Stephen Wrabel, known by his stage name, Wrabel, will bring his hauntingly beautiful voice to perform at Bethel Pride on May 6.
The Los Angeles-based musician will be headlining the Pride celebration. Wrabel is a gay artist and is known for his songs 11 Blocks, Ten Feet Tall and The Village. He’s collaborated with other artists like Marshmello, Kygo and Afrojack.
TinaMarie Craven caught up with Wrabel to discuss Pride and his music.
TinaMarie Craven: How did you get involved with Bethel Pride?
Stephen Wrabel: My little cousin started it. To my understanding, Hailey started it kind of through a class project and then she said we should have a march. I think she thought it was going to be this little thing, but then her mom started getting calls about people wanting to sponsor and support them and so Ali [Alexis Main] called me last year and told me what was going on and said it was turning into this whole thing. And I was like OK, I’m there. I flew out and performed and hung out for the day. It was really awesome.
TC: What does performing at Pride mean to you?
SW: My first Pride was out here at L.A. Pride and that was one of the — and it sounds so cheesy — but it was one of the best days of my life. Playing in such a stage it’s more than a stage, it’s playing in a place where really you’re celebrated for all the different parts of yourself [and] it’s really powerful. It’s such a cool, human experience to be able to just completely be yourself and not have any second thoughts at all and to share art in that way and share the space and the time — it’s a really powerful experience.
TC: What does it mean to make Pride accessible to non-urban areas?
SW: I think it’s really important. You know, I’ve been in L.A. for 10 years and it’s just a different place than Bethel. I think that’s why it’s so cool that they started a Pride there. There are LGBT families everywhere, in every state, in every county, in every country. In L.A. it’s celebrated, but it’s not like that everywhere. So I think it’s really important to give people that visibility and a safe space to meet people and a place to feel seen and loved and heard and accepted and really celebrated.
TC: What was it like when you came out?
SW: I grew up in the church and my coming out was kind of a long process. Without going into the whole sob story, I thought it would go away or something. I never really thought I would come out, I never thought I would make it out alive, kind of literally. I came out to a church that was very not accepting and dabbled in that weird world of “You can be gay, but you don’t have to be gay,” and looking back I can’t even wrap my head around it. It wasn’t the worst coming out story ever, it wasn’t the best coming out story ever. I ended up getting out of a church I was going to and that threw me off for a bit. After some years of very literal soul searching, I’ve landed in this better place where I can even love myself some days.
TC: What inspired you to write your song The Village?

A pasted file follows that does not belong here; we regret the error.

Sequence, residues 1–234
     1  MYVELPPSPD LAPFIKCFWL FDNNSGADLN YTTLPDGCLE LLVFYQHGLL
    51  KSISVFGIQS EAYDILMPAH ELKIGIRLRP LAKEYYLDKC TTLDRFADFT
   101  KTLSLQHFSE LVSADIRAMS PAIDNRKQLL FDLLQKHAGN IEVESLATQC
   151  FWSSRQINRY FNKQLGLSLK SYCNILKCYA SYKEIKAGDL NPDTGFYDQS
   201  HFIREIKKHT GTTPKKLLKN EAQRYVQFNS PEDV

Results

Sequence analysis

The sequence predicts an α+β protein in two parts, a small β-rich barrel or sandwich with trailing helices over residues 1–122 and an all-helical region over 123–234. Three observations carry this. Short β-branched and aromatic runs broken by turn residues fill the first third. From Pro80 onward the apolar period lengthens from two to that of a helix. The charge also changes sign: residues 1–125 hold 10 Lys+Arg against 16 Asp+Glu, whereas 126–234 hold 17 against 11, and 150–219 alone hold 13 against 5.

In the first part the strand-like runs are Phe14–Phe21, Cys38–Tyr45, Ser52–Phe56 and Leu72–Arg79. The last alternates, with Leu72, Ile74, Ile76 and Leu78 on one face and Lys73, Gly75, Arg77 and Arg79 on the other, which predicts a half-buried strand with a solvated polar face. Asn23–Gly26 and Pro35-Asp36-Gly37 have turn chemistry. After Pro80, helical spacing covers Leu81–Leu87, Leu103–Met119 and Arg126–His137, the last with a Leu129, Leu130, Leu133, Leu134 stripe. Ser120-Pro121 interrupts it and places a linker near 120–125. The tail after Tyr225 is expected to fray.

SW: The song was inspired by two trans kids I met on my first tour. They were at the stage door one night waiting to say hey. I was really just struck by their authenticity to how they were just themselves. We hung out that night, I got to know them and I kept bouncing around on tour for the rest of that year and into the next one and every time I was in that city we’d hang out. I met their parents and some of their friends. It was the day that federal protections for trans students was taken out of public schools and I was talking to one of them and just hearing what it was like outside of what it was on the 140 characters or less that was on our Twitter feed and outside of the scrolling news headlines what it actually felt like to be a trans kid out in school that day. It really broke my heart and I was on my way into the studio that day and I came in, I was working with two of my good friends and said, “Hey, I’ve met these kids and this is what’s going on. Can we write them a song? I would love it if we could write them a simple song and if it’s just them that hears it, then that’s what happens.” I wasn’t really thinking beyond that. We wrote The Village, I sent it to them and they were floored. They said, “You have to put this out, you have to share this.”
TC: What are you planning on performing at Pride?
SW: I don’t know yet, I don’t usually know until it’s happening. I’m sure I’ll play The Village and some other stuff. I have a lot of sad songs, but I’ll try to make them happy songs.
TC: What do you hope the Pride attendees take away from the celebration?
SW: I hope everybody has fun. I hope everybody feels really safe and really supported. I hope people can meet each other that have never met and know that we’re not really ever alone. No matter what city, state, county you live in, we always have family somewhere.
TC: What’s next for you?
SW: I’m working on a record that is slowly but surely coming out. I’m working with a few different artists that are putting songs out that I’ve worked on. The record is coming, I’m hard at work. We have the first single written and everything’s in production land right now.